Update 17th January 2011: A number of people keep referring to this post I wrote several years back, so its worth putting it in context as most won’t bother wading through the debate below and posts that followed this one.
I have never voted Conservative and never will. But during 2008 the Labour party was loudly supporting the use of racist stop-and-search powers, 90 days pre-charge detention and a constant barrage of anti-terrorism legislation used to target minorities, and hysterically shouting about how people in “ethnic ghettoes” were “refusing to integrate”.
It is paternalistic racism to say that minorities should stick with voting Labour under such circumstances given they were being targeted by this barrage. Most minorities are already quite socially conservative – they have stayed loyal to Labour primarily because of its relatively more open stance on immigration.
The only way lasting way to register your disapproval with a political party in a parliamentary democracy is to vote for a different political party. That is what I advocated here. I am not some Asian ‘community leader’ who can control people’s votes or force them in a particular direction. I merely stated my opinion that if people were pissed off with the spate of legislation then they should vote for another political party, after having discussed this with several people during that time.
I have since joined Labour, but only once Ed Miliband disowned much of the party’s earlier stance on civil liberties (stop and search, 42 days). My aim within Labour is to push for a more liberal and compassionate vision of politics. My point here could have been made less crudely, but there it is: I have a bad habit of writing tabloidy headlines.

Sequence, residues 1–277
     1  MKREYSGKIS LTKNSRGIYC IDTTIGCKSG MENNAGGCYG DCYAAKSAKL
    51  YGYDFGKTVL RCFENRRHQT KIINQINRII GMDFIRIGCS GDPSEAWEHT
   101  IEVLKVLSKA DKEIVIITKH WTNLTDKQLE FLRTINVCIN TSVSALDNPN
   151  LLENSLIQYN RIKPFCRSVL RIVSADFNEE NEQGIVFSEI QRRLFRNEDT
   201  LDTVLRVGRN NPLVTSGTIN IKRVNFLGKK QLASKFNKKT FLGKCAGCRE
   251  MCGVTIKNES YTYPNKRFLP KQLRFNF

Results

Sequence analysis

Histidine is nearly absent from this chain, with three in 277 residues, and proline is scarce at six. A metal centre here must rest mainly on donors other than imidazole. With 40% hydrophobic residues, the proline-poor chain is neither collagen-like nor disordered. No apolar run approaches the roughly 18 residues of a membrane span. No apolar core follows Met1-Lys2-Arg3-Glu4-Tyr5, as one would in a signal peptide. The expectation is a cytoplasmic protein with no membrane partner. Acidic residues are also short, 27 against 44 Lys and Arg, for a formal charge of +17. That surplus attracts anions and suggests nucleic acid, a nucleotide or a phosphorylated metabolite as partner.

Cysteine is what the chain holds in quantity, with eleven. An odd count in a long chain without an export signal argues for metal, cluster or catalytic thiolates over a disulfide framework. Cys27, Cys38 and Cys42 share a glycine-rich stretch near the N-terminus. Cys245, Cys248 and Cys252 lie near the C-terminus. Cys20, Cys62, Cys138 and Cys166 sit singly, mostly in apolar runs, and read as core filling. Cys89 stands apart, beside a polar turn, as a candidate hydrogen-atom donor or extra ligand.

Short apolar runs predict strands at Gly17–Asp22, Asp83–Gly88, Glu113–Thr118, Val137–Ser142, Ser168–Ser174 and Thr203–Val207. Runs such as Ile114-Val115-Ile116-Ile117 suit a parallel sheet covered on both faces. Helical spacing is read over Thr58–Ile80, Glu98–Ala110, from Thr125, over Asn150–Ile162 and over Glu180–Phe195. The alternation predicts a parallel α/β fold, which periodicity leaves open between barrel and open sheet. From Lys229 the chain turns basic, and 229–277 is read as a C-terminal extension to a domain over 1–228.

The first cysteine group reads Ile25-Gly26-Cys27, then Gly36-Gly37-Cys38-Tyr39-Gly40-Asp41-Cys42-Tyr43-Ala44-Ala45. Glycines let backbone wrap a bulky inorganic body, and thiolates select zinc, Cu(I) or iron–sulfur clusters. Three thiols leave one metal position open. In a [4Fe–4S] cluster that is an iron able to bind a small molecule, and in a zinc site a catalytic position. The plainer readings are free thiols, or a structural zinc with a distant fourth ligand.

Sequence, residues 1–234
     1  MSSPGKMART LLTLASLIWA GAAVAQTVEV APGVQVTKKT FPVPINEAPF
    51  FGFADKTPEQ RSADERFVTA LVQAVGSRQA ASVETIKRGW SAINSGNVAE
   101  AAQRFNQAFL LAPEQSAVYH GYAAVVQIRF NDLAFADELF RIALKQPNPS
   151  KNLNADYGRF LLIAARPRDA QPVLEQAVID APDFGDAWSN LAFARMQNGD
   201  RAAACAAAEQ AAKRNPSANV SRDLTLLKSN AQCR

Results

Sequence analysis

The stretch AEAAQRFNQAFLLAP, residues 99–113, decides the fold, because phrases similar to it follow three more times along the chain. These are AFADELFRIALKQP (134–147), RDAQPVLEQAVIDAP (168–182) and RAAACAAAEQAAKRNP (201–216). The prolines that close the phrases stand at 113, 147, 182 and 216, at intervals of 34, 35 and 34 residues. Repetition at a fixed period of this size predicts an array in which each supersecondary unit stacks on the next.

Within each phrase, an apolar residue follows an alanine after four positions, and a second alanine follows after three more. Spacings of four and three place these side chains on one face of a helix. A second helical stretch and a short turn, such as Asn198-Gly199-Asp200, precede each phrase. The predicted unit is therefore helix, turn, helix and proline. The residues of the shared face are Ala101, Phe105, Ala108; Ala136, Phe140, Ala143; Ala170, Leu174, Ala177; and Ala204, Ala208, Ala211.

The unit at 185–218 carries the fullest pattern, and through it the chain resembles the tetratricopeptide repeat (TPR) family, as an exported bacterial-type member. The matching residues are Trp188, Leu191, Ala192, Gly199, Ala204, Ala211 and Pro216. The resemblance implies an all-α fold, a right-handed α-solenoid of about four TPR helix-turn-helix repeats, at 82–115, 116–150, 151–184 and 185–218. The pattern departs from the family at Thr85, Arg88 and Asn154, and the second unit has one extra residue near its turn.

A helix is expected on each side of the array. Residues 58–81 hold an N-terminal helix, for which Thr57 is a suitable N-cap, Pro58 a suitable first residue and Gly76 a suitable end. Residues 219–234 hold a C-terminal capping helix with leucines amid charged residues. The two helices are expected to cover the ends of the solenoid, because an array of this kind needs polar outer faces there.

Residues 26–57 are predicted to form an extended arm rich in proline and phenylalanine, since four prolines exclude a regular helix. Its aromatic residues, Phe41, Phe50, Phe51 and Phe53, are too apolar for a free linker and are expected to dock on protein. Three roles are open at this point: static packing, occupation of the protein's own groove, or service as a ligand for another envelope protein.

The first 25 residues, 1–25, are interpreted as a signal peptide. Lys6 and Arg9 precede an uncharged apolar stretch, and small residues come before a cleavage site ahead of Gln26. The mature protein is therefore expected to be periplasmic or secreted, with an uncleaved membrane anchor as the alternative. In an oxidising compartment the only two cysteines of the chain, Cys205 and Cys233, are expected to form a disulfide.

Word from the street (ok, the Compass annual conference then) is that ethnic short-lists are not entirely dead, contradicting an earlier newspaper report.
To recap: the Labour party has been considering allowing only candidates from non-white backgrounds to stand for specific parliamentary seats. They’re doing this because New Labour is still very racially monolithic. It comes on the back of the success of all-women shortlists, which the party had to sneak through internally because of the intense opposition it was expecting.
The word is that while they’re not entirely dead, they won’t be exclusively non-white but mixed with women shortlists. In other words a white woman and a black man could both stand under these new hybrid shortlists. Harriet Harman, who is pushing this, said quite sensibly (shocker, I know) that she didn’t want to create competition between race and sex discrimination. Given the routing Labour will probably get at the next election though I doubt this will be pushed through; it’ll be every middle-class white man for himself, the women and ethnics be damned. Heh.
Saying that… given that New Labour wants to extend anti-terrorism legislation until every brown person in the country is locked up until proven innocent (or once the police can be bothered to let you out), it makes more sense for brown and black people, who will overwhelmingly face the brunt of this police-state legislation, to vote Conservative. At least the Tories have finally found some balls regarding the erosion of our civil liberties. And yes, I felt slightly sordid saying that. But its worth thinking about – if you’re brown, then its not worth voting Labour for the sake of your own security.
Update: a follow-up to this post is here.
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